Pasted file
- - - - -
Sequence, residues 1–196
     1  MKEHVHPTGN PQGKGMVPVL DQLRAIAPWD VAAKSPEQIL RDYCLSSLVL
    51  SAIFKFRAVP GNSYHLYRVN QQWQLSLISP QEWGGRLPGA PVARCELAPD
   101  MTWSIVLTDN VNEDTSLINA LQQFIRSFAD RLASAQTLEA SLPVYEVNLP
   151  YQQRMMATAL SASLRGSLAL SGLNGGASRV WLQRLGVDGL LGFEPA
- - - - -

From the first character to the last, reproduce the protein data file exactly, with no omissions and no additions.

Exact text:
Sequence, residues 1–196
     1  MKEHVHPTGN PQGKGMVPVL DQLRAIAPWD VAAKSPEQIL RDYCLSSLVL
    51  SAIFKFRAVP GNSYHLYRVN QQWQLSLISP QEWGGRLPGA PVARCELAPD
   101  MTWSIVLTDN VNEDTSLINA LQQFIRSFAD RLASAQTLEA SLPVYEVNLP
   151  YQQRMMATAL SASLRGSLAL SGLNGGASRV WLQRLGVDGL LGFEPA